June 22, 2012

June is scoliosis awareness month and offers us the opportunity to talk about the benefits of the Schroth Method and what we have learned on our eleven-year involvement using and/or instructing in the method. Unfortunately, spinal surgeons almost NEVER present, and often discourage, use of the Schroth Method. However, when done properly, scoliosis specific exercise is empowering and effective.

The Schroth Method approach is based on the fact that scoliosis is a three-dimensional curvature of the spine. Scoliosis is most often diagnosed during adolescence and girls progress at a much greater rate than boys. 

When a mild scoliosis is detected, proactivity offers a chance to prevent scoliosis from getting worse, or perhaps even improve mild scoliosis through use of the Schroth Method, and Scoliologic® curve-pattern specific activities of daily living (ADL’s).

If you subscribe to the adage, “knowledge is power,” then understanding the power of knowing about a particular scoliosis curve pattern, early into a diagnosis, learning how to sit, walk, stand, or lie, etc. for that curvature is powerful and can help counteract curve progression. That knowledge, and application of that knowledge, can dramatically reduce an adolescents chances for progression of idiopathic scoliosis.

Adding Schroth exercises when scoliosis is moderate has kept some adolescents who learn, and practice, from having to endure bracing and may improve scoliosis without bracing. For others, who are braced, Schroth exercises contribute, or are likely responsible for to dramatically improved outcomes for scoliosis. For others, Schroth has helped prevent scoliosis surgery!

Clues of scoliosis:

  • Unlevel shoulders
  • unlevel hips, with or without one-sided hip prominence
  • shoulder asymmetry
  • head not in alignment with pelvis
  • trunk asymmetry when bending forward
  • head tilts off center

What to do if you suspect scoliosis:

  • Have a screening by a pediatrician, family physician, chiropractor, or school nurse using a scoliometer. 
  • If the scoliometer reading is above 5º (some medical professionals use 7º, we’d err on the side of caution and use 5º, it’s awareness – remember?), get a full scoliosis x-ray series. Images should be of the full spine, standing – two views: one from the back (PA), and one from the side (sagittal).
  • Have the x-rays measured for Cobb angles by a radiologist. Request the report and get a copy of the films, or disk, for your records. A 10º Cobb angle, or more, indicates a mild scoliosis.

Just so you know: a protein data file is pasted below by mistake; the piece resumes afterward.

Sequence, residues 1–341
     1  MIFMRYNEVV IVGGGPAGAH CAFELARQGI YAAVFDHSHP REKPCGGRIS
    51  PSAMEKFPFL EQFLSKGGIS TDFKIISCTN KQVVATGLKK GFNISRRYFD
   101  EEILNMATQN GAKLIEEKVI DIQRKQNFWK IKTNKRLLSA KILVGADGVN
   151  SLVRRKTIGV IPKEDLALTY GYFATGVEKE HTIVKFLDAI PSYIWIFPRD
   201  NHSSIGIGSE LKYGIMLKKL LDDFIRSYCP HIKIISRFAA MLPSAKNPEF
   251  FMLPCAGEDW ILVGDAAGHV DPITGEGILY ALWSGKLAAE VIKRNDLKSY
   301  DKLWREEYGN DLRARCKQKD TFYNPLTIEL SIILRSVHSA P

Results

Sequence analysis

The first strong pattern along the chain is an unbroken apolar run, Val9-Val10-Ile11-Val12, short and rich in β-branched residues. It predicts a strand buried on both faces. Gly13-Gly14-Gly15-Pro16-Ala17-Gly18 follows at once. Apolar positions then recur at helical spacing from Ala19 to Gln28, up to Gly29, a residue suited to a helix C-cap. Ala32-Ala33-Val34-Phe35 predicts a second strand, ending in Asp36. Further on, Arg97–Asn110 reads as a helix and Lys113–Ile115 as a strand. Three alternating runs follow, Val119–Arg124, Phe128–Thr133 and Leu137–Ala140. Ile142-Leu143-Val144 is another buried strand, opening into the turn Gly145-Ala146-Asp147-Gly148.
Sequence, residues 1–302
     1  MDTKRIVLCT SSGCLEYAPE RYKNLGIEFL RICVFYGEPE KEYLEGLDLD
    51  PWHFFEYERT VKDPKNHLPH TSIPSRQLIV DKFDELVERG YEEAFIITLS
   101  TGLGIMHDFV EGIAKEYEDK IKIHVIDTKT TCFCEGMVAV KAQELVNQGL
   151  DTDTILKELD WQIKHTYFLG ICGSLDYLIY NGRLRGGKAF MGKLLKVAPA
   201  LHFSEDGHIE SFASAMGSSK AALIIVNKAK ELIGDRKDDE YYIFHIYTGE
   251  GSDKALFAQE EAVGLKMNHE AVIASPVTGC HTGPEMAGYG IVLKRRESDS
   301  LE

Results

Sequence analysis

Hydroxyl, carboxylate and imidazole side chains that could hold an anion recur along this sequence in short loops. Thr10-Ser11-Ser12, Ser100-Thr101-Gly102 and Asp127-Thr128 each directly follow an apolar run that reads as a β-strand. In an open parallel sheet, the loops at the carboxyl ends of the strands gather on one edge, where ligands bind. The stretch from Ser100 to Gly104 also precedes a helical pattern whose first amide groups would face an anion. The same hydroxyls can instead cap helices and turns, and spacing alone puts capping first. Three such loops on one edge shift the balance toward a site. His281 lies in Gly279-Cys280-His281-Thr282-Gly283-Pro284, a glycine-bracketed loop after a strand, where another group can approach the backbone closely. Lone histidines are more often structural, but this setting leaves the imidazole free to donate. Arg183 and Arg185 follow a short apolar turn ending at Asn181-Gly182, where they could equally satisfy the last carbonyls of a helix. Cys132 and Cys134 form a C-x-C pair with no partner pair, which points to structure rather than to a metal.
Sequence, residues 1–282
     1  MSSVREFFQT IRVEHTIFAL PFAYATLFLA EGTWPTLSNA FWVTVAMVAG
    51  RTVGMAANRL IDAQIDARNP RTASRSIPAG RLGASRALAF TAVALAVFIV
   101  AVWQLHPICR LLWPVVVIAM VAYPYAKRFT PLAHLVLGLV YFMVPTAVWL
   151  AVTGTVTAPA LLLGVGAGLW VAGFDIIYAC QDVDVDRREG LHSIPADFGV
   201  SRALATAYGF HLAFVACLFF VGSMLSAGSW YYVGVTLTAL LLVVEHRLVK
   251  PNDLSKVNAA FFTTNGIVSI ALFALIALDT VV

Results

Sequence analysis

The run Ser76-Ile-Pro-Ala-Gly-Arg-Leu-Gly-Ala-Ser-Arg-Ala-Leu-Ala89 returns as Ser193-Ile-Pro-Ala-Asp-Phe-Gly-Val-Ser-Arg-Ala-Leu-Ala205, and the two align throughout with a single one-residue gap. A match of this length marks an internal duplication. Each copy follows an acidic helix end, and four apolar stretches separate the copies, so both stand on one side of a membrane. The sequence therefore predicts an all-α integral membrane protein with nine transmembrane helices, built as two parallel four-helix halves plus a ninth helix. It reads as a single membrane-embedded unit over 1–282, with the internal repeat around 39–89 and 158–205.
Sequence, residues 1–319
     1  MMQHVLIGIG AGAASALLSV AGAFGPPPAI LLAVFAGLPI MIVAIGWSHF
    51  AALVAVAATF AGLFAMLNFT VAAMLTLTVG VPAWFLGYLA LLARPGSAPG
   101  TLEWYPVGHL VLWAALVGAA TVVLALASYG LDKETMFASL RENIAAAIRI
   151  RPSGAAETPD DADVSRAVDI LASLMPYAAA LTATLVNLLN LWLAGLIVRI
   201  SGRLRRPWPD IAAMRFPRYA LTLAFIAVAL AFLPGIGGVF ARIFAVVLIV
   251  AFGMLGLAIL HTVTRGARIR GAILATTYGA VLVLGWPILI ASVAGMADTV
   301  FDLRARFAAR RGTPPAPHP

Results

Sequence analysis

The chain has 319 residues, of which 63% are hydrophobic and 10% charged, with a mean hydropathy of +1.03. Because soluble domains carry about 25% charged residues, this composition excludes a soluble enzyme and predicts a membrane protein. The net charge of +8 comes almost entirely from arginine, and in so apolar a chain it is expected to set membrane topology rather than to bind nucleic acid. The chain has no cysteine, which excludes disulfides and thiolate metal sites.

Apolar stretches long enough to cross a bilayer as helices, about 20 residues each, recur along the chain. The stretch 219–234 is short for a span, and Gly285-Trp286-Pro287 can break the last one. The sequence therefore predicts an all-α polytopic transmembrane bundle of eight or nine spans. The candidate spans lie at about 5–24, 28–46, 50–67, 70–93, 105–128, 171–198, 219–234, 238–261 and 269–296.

Here’s the kicker: the most common advice for a mild scoliosis is watch and wait (for) bracing (and/or) surgery. If you are told ‘watch and wait,’ you have a decision to make: to ‘watch and wait,’ or ‘ignore’ and be proactive.You can guess where this is going. Our tag line is, “NOT WAIT AND SEE,” for a reason. That reason: we hear parents express regret, or hear stories of regret, regularly, about listening to that one particular piece of advice. Of learning of her daughter’s progression, one patient’s mom – an M.D. – recently told me, “My profession failed me!”

As an advocate for the proactive management of scoliosis, sooner rather than later, I absolutely, wholeheartedly, endorse and support scoliosis awareness month. I know, however, only too well, not all of us are fortunate enough to have our children diagnosed during the mild phase. That is one reason why this topic has become my soap box, to advise others who can, to act on behalf of their child, if possible.

A thought…

It occurred to me there is an irony in the message of scoliosis awareness. Why? Because when, and if, a scoliosis is detected in the mild phase, families so often receive ‘watch and wait’ as advice. What’s the point of being aware when you are told, ‘do nothing,’ for a condition that can progress rapidly during a growth spurt, and your child is an adolescent?

If ‘do nothing’ doesn’t work out for your child, the next step is usually a recommendation to spend adolescence constrained by a brace – for all, or part, of the day or night, or WORSE, spinal fusion surgery. No parent wants that. The wisdom teeth extraction appointment I recently attended with my son was frightening enough; I can’t imagine turning my pre-teen or teen over to a spinal surgeon for a fusion – of who knows how many levels?

Here’s another problem with ‘do nothing.’ Scoliosis doesn’t always just creep up degree by degree. Sometimes it advances with a vengeance! An additional reason why, in my opinion, ‘watch and wait’ isn’t a smart plan. My frustration builds with each additional story of ‘watch and wait’ gone wrong. Parents are experiencing fears, concerns and frustrations, when in many cases it doesn’t have to be that way. An effective, proactive plan may help your child.

Preaching awareness without offering information about the existence of a viable solution is, at best, disingenuous. Parents, and the adolescent involved, must be informed about a chance to help themselves. The Scoliologic® program and the Schroth Method offers that chance. When a responsible adult knows what to do upon detecting scoliosis, that’s when awareness is truly a good thing.

What Scoliosis 3DC Patients Are Saying

Impressed by the Improvement

“I think for me reducing the “look” of the rib hump and less back fatigue have been really incredible. It takes discipline of course and people have to realize that its an investment in their well being and they have to do it daily.” Read More

So Far So Good

“The brace is working out great and I wear for most of the day! So far so good and it seems to fit pretty well.” Read More